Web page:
November 25, 2013
MarkBernstein.org
 
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What should people need to know?

You can go into a coffee shop and tell them you’d like your eggs over easy. Or you can tell them that you prefer your eggs scrambled until not quite runny, then lightly sprinkled with chives. You don’t expect them to just know that’s how you like your eggs, you don’t fool yourself into thinking that this “over easy” jargon is imposed by the technical priesthood simply to vex you or because bad managers let them get away with it.


A grand debate is raging about the proper way to market iPads and other tablets. Should ads highlight the amazing things that exceptional people can make? Or should they emphasize the easy things your grandmother can do?

Both, of course. But you know where my sympathies lie.

There’s work to do…. There are people to feed, art to make, science to discover, sickness to cure, a climate to preserve, and winter is coming.

A common corollary asks whether it’s a good idea to expect people to know, or learn, anything in order to use your software.

In the old days when we all walked nine miles to school, we had to learn stuff that was simply extraneous, just details about the software. “Esc-J joins this line with the following line; esc-$ moves to the end of the current line.” We don’t do a lot of this anymore, thanks to good displays and thanks to Engelbart’s mouse.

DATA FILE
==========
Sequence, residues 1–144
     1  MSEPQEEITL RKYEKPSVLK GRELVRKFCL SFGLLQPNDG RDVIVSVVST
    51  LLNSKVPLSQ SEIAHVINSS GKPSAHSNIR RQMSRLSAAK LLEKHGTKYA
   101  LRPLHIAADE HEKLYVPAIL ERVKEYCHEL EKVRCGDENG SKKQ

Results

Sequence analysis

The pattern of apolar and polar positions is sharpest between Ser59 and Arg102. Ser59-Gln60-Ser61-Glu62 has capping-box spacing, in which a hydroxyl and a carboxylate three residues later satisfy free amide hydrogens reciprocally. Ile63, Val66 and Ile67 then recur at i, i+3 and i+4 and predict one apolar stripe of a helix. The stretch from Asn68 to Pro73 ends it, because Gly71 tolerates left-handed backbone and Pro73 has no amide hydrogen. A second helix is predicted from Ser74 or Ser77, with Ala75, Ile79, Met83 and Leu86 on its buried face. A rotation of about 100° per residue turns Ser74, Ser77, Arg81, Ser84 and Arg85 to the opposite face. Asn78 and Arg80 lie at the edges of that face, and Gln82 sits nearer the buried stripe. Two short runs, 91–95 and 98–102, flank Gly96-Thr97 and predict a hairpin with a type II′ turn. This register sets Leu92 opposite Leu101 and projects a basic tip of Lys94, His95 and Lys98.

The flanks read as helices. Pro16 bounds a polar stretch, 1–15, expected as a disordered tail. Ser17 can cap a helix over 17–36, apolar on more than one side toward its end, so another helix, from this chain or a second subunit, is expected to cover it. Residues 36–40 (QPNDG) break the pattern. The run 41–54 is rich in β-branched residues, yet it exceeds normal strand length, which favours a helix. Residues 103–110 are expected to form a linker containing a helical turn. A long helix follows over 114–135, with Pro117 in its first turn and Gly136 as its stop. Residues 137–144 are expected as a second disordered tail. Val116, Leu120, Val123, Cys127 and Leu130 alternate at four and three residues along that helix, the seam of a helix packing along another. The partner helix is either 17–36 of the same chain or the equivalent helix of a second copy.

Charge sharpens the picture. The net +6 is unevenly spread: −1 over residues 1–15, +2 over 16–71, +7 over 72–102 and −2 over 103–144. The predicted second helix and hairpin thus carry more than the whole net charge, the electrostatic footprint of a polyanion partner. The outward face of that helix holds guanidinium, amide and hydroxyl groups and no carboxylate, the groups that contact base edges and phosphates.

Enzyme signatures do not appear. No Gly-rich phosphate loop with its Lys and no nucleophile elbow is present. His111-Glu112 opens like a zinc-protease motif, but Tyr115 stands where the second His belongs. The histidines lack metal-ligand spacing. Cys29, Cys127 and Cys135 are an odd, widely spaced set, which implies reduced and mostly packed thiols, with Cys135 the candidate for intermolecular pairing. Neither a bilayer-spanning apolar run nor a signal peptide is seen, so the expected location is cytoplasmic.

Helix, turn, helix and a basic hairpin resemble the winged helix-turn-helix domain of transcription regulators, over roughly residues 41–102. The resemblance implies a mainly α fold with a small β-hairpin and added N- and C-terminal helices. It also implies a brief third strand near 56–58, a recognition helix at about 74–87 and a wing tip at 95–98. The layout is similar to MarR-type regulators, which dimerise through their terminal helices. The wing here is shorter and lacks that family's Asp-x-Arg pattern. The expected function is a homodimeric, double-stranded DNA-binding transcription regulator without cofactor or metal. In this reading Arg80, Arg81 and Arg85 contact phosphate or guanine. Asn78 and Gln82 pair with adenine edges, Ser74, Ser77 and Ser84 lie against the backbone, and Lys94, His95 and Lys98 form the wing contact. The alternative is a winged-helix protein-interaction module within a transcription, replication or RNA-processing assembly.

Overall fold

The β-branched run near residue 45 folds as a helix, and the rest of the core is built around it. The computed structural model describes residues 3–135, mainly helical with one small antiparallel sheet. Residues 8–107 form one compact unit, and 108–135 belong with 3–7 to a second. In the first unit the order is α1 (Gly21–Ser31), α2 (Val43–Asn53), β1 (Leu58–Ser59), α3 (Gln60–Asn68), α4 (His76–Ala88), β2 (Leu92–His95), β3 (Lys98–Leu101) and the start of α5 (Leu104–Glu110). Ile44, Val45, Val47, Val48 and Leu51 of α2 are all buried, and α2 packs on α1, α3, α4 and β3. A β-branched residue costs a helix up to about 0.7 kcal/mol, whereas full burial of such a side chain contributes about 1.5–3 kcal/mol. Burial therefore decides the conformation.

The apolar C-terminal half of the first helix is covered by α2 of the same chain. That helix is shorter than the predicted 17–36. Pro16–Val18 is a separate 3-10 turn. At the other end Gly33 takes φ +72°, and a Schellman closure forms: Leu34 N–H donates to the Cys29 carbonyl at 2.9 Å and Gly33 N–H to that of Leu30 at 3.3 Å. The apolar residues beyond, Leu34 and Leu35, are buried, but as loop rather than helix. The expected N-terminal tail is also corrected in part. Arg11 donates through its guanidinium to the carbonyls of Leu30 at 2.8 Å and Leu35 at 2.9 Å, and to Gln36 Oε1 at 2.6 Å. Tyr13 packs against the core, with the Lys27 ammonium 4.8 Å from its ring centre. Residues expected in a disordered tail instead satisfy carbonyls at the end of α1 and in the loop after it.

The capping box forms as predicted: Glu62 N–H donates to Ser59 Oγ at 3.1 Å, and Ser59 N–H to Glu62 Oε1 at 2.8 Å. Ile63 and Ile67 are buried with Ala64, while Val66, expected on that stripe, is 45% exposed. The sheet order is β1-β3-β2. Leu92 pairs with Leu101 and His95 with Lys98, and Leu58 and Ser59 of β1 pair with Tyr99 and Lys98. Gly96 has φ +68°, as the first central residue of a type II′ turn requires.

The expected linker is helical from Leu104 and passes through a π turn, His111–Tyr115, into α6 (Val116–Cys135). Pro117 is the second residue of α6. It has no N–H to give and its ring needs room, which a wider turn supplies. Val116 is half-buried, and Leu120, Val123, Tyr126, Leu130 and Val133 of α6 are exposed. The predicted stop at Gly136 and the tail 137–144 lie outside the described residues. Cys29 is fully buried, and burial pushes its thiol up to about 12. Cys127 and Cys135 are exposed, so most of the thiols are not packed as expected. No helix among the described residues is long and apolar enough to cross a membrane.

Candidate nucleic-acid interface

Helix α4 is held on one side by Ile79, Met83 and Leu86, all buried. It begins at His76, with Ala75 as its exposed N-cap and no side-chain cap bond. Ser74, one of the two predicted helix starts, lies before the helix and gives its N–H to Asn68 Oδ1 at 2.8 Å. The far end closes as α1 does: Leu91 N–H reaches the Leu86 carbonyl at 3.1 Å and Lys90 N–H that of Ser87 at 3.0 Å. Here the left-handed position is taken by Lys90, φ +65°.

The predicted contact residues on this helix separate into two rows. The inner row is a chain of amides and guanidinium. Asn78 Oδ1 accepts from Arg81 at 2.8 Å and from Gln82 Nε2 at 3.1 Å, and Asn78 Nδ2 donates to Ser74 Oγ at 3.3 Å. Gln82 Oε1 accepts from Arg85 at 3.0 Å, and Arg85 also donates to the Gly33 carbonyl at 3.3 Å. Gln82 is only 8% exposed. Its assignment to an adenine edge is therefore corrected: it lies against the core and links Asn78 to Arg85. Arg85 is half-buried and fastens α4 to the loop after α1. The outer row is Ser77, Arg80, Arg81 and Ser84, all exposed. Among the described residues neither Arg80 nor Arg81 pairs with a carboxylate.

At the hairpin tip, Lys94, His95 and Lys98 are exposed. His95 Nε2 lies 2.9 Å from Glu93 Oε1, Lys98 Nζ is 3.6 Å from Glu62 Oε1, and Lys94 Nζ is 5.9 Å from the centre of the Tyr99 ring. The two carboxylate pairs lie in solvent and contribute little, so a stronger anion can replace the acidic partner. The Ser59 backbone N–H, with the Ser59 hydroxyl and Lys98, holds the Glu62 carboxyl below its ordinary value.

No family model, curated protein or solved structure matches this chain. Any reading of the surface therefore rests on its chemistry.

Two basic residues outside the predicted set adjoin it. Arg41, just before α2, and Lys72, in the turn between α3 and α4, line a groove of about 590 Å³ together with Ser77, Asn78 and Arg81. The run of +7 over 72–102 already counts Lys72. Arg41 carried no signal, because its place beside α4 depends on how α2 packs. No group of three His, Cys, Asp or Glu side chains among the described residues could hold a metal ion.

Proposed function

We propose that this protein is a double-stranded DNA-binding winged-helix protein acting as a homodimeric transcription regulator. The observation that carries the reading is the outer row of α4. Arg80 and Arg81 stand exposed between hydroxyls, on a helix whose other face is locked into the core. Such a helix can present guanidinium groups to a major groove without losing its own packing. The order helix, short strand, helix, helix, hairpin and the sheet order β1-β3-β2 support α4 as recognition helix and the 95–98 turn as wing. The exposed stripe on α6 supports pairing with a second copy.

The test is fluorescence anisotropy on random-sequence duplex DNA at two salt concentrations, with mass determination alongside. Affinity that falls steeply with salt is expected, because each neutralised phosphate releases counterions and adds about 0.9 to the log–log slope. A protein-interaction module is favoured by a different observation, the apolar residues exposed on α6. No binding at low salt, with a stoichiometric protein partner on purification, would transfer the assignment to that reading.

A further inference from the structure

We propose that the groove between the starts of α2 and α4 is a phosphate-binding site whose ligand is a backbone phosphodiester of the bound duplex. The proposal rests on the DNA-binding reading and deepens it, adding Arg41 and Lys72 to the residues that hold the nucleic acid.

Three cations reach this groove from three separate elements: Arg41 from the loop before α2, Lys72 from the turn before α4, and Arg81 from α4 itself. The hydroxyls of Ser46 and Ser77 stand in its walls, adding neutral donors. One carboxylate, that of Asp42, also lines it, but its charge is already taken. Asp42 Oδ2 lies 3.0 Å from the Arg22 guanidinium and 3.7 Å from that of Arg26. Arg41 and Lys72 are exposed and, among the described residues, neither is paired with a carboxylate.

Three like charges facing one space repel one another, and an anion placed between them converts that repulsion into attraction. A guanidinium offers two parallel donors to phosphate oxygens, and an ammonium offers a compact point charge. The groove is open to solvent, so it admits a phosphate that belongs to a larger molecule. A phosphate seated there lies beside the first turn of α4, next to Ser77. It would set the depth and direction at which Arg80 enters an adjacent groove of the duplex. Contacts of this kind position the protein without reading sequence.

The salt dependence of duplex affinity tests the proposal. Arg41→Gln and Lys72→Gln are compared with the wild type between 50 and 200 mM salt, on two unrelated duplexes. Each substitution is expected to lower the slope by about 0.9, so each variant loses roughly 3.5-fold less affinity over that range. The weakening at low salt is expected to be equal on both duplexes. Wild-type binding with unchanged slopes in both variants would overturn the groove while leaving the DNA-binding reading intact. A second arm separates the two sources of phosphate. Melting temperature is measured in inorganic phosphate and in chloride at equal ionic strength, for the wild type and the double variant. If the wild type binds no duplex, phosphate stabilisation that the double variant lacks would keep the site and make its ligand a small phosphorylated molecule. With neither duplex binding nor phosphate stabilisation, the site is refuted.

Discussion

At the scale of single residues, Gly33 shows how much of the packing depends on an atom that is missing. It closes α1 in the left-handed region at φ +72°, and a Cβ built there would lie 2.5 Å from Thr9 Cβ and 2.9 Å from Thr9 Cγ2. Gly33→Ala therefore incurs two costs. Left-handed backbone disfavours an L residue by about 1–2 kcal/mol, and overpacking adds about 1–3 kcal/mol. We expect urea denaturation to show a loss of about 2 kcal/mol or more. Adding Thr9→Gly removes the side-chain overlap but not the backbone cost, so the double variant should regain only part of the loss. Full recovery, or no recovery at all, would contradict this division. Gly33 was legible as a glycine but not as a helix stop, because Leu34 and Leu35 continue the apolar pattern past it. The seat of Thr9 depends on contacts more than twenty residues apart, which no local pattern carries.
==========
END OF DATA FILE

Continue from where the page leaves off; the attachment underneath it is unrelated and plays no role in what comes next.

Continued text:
But there’s other stuff you might need to know. If you’re using Brushes or Sketch Club to draw pictures of people, you’re eventually going to need to understand some anatomy and you’re going to need to understand how to mix colors. Perhaps we can make things a little easier at the margins, and perhaps we can help you have more fun as you learn, but until you do learn this stuff, your work isn’t going to be entirely successful.

Working with Tinderbox, you’re eventually going to need to understand inheritance. I expected that people would have a hard time with this; it’s notoriously hard to teach in introductory computer science. It turns out that people seldom have much trouble picking up inheritance, but it’s bound to take a little while. I think that’s one reason so many people take a week or two with Tinderbox before the epiphany.

For export, Tinderbox pretty much expects users to have, or to pick up, the rudiments of HTML. This ought to be straightforward, but it hasn’t been. At this point, it seems to me, knowing the elements of HTML markup is simply part of what we expect every educated person to know. Everyone needs it, it only takes an afternoon to learn. The resistance has surprised me.

When you want Tinderbox to cooperate with other programs – something that’s esoteric by definition – Tinderbox expects you to understand the scripting language of your choice. That seems reasonable to me. But people hate this.

Many problems arise because our tools seem so magical that people sometimes are fooled into thinking they are mystic – that they can (or should) intuit what we want. They can’t. If you want to export your information the way you want it, you’re going to have to say what you want. Or you’re going to go to the cafeteria and get your eggs from the steam table and, if you do, you must not complain about the way they’re cooked.